A while back (well, back in March), David bought a brisket on sale at the store, and I promptly threw it into the deep freezer. I was digging in there this week, looking for the homemade cranberry to use for Cranberry Chicken Bake when I found the brisket on the very bottom. I decided I'd better make it before it started to get freezer burn.
Once the brisket was thawed, I saw that all the fat had been trimmed away. I've made briskets before, and you really need to have the big cap of fat on it. The fat is pretty unattractive, but it adds flavor and moisture to the brisket while it bakes. And you can just cut it off before you call everyone to the table.
Ree Drummond, "The Pioneer Woman" has a brisket recipe I want to try sometime. She leaves the fat cap on too, and her method is almost the same as mine. My recipe is from my MIL, and it's as easy as pie.
So we'll just pretend this poor side of beef has the fat still on it, and doesn't look like the butcher got a little too carried away. This brisket really doesn't have that soft, triangular shape I'm used to seeing...maybe the butcher was having a bad day?
I had a whole mess of orange and red peppers from the garden that needed to be used up, so I decided to cut 'em up and put them on top of the brisket while it baked. I do this with ribs sometimes, so I figured it wouldn't be an injustice to try it with brisket.
Fat cap on or off, peppers and onions or not, let's cook this big boy, shall we?
Oven Baked Beef Brisket
1 large beef brisket, 5-7 pounds (it really depends on how big the crowd is)
2 tablespoons worchestershire sauce
1 (4 ounce bottle) liquid smoke (I used a mesquite flavor)
1 tablespoon each onion powder, garlic powder, paprika, and celery salt
Lay out the brisket on one sheet of heavy duty aluminum foil. Make sure the foil is big enough to enclose the brisket. Sprinkle both sides with the onion powder, garlic powder, paprika, and celery salt. I used a smoked paprika...regular sweet paprika is just fine.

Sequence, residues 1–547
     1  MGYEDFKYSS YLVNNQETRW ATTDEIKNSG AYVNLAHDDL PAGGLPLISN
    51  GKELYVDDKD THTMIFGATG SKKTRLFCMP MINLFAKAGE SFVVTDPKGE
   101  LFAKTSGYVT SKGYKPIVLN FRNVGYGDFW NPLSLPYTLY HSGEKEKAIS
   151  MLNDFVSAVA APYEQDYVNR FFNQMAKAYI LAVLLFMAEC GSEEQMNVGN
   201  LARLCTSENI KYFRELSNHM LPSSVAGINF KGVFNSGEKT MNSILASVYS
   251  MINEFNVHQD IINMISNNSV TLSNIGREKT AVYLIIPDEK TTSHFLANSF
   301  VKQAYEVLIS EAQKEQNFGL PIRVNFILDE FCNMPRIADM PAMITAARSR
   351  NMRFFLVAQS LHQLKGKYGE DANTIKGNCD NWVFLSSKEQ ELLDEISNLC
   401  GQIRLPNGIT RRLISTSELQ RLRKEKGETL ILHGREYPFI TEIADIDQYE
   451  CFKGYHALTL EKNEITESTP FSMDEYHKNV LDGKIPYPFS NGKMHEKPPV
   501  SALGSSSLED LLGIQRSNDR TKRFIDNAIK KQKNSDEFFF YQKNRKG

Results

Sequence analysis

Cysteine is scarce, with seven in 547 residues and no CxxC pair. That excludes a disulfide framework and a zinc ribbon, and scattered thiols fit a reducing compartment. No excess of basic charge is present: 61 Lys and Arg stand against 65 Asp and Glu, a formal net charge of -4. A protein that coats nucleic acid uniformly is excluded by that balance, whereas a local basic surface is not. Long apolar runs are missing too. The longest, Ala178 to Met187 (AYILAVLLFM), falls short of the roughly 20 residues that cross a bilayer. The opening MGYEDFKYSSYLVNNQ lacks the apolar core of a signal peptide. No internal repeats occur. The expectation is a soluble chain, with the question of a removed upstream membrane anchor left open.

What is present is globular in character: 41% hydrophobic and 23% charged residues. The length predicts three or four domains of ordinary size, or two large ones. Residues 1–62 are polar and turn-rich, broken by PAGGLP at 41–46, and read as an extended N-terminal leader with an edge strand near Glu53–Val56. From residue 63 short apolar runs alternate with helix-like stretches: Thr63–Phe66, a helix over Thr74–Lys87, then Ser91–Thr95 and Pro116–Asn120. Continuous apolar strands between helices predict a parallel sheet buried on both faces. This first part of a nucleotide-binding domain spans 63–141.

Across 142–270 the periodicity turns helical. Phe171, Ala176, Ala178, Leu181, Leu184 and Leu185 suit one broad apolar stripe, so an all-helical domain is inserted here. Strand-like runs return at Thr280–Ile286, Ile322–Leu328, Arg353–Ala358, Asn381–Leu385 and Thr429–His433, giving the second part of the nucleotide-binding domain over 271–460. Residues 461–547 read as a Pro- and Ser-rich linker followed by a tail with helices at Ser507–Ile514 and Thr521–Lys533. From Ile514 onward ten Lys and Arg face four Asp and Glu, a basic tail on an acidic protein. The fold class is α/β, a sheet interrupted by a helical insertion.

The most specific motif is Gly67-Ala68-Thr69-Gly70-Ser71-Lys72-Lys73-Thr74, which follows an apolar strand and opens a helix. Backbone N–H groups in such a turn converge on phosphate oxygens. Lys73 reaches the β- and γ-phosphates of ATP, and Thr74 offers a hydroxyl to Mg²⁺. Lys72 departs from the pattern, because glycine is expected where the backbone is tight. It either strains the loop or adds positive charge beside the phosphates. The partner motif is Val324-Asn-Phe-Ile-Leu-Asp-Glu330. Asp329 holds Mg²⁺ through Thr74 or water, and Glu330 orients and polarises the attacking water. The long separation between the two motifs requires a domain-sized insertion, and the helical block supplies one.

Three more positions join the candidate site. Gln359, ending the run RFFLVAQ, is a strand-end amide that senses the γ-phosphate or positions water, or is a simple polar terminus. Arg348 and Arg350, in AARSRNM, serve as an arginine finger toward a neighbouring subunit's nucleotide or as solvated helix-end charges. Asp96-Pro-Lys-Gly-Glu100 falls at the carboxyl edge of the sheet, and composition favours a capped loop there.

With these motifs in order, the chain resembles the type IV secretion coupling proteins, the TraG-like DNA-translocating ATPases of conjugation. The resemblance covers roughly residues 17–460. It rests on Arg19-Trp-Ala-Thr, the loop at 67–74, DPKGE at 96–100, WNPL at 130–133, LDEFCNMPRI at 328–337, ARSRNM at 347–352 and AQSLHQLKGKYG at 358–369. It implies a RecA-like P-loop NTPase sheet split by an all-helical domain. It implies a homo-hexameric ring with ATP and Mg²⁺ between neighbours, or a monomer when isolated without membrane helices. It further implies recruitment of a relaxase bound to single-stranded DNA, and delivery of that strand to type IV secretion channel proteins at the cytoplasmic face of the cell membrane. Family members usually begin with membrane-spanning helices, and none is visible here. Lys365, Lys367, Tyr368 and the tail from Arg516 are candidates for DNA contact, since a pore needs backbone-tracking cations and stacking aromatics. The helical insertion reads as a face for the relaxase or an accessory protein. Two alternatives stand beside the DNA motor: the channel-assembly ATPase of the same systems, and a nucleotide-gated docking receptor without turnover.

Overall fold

Line a 9x13 pan with another sheet of aluminum foil. Carefully place the brisket and the foil sheet underneath it into the pan. You'll see I have one sheet of foil laying horizontal, and one vertical.
Pour over the worchestershire sauce and the liquid smoke. If you've got 'em, place the peppers and onions over the brisket. Otherwise, just wrap the brisket tightly using the aluminum foil. Crimp the edges really well; we don't want anything to leak out.
Bake the brisket at 350 degrees for one hour. Then turn the temperature down to 250 degrees and bake the brisket for an additional hour per pound. My brisket was 4.98 pounds, so I baked mine for about 6 hours. I checked it after 5.5 hours, and saw that it was done, so the last 1/2 hour I just turned the temp down to 200 to keep it warm.
Let the meat stand for about 10-15 minutes before serving. Grab a big cutting board...this get a bit messy.
Take a portion of the meat (it should be very tender, and fall apart when you try to cut it), and either shred or cut into slices against the grain. I sliced some for David and I and shredded some for the kids.
Serve with the pan juices, and peppers and onions (if you had 'em). I made some baked beans and corn-on-the-cob on the side. David loves his brisket with barbeque sauce.
Since it's Labor Day weekend, I hope you go get a nice big slab of beef and try this recipe. It's easy and foolproof. That's the best thing about brisket...it's hard to mess up. Just throw it in the oven and bake until it gives up ;-).